The Action Mutant…
has been Straight Edge for about 5 hours now!
The Chase (1994)
review by Joe Burrows
Man, the 1990s was an F’ed up decade for film, wasn’t it? Aside from ending the decade with the last classic year in cinema (doesn’t anyone remember how many great films there were in ’99?), 90s cinema was also in a race to be more totally self-conscious in its culture than the 80s was. And boy was the nail hit on the head a number of times! Who can forget Cool as Ice? Or Jury Duty? Or High School High? Ok, there were better examples of 90s cinema having their fingers on the pulse of American culture. There was even a film that had to do with a California police chase…except it was released months before the one you’re thinking of. Remember, contact the FBI if you know who the real killers are.
The Plot, as it was:
Charlie Sheen is Jack Hammond, an honest schlep that has just been wrongly convicted of being a clown-faced criminal known as the “Red Nosed Robber”. Not wanting to become housemates with a prisoner named Bubba just yet, Jack takes a pretty young thing named Natalie (Kristy Swanson) hostage and the two speed off onto the California highway. Of course, he just happened to kidnap the heiress of millionaire Dalton Voss (Ray Wise), which means this is not Jack’s day. Within moments, all kinds of cops and news reporters are on the chase, trailing the duo as Jack heads off to Tijuana. Of course, the two hate each other at first but…you know.
Don’t shoot me…I’m only the reviewer!:
Well, you got to give it to the makers of The Chase; it’s not boring. At 94 minutes, the film spends no time on setup or anything and just jumps right into the fray. Director Adam Rifkin follows the first rule of Car Chase Films 101: Don’t let the action lag (and add some kick ass music, like NOFX and Bad Religion). There is always something just short of the kitchen sink being thrown out to grab your attention and by the end of it; your 90 minutes on a rainy afternoon have been killed effectively. As a nice surprise, there are some good satiric moments as it concerns the fine line the news media walks between information and entertainment (such as a reporter hanging off the side of a speeding news van to get an interview). I also got to give points for the casting of this effort. Charlie does his usual “young Leslie Nielsen” shtick to perfection and has pretty good chemistry with Buffy #1. And any film that has Henry Rollins as a cop (of all things), Cary Elwes as a newscaster named Steve Horsegroovy, Anthony Kiedis & Flea from the Red Hot Chili Peppers as two valley boy troublemakers AND Ron Jeremy as your cameraman, deserves some sort of merit. The ending does blow, however, as the easy way out is taken and everything kind of falls flat. Regardless, The Chase is a fun ride as long as you don’t think too much (and are patient enough to stay until the closing credits are done).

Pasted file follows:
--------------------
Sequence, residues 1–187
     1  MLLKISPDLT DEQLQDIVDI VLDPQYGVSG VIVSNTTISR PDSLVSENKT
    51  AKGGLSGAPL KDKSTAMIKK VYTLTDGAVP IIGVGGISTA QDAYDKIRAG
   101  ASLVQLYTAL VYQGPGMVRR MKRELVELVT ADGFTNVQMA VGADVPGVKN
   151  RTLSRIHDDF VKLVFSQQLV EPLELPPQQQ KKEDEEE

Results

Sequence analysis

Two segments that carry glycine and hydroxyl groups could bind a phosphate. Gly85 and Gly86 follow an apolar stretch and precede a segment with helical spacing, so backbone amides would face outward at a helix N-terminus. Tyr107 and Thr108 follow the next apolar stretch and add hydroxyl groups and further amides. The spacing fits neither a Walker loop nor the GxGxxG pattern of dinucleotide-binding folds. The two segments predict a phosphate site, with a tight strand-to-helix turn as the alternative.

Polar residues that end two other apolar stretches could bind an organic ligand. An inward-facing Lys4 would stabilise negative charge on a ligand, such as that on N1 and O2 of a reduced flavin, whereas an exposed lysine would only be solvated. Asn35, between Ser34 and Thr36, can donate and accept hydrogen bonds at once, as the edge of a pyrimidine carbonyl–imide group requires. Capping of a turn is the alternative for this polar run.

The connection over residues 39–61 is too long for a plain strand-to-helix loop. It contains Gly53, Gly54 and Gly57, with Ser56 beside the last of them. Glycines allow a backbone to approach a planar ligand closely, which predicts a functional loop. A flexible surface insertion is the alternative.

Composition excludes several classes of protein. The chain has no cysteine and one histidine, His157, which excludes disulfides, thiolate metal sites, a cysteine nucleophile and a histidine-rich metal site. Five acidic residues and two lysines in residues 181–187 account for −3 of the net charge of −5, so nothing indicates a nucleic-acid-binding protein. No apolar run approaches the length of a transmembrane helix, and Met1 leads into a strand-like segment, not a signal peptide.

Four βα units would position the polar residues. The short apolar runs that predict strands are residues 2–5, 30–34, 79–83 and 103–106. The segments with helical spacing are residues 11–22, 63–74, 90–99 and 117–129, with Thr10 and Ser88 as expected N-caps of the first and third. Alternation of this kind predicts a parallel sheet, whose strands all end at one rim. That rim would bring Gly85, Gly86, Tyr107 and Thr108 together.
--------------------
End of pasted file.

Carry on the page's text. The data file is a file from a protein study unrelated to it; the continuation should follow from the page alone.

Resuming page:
Body Count/Violence: 0. Sure, there is the part where a medical van breaks open and cadavers spill out onto the road. And there is the dream sequence where Sheen walks out of the car and is shot about a dozen times by police. But this is a relatively death-less movie. It’s ok though because the vehicular collateral damage is pretty high (though it’s not Smokey and the Bandit II or anything).
Sexuality/Nudity: Swanson mounts Sheen while he’s driving and the two engage in a little “highway delight”. Nothing’s shown or anything and it’s a pretty ridiculous scene, as it’s filmed with sunny backdrops outside the windows and has several quick cuts. Rifkin must have thought that was the bomb when it was brainstormed during the sleepover with the writers. Still, I can’t knock them too much because it’s Kristy Swanson.
Language/Dialogue: An F bomb or two is dropped, along with some milder stuff. Remember, we got to get the kids out to the theaters somehow, hence the PG-13.
How bad was it?:
It was dumped on by a lot of critics but some called it a pleasant surprise. The latter critics accepted it as being popcorn fare, which is really all it is.
Did it make the studio’s day?:
20th Century Fox released The Chase on 3/4/94. It finished 5th and fell all the way to 13th the next week, necessitating a 49% drop in audience. The film grossed only $8 million in its run and (though no budget records were released) was pretty much D.O.A.
Like Kristy Swanson’s career (groan).
Entertainment value: ***1/2/*****
Copyright 2007 The Action Mutant.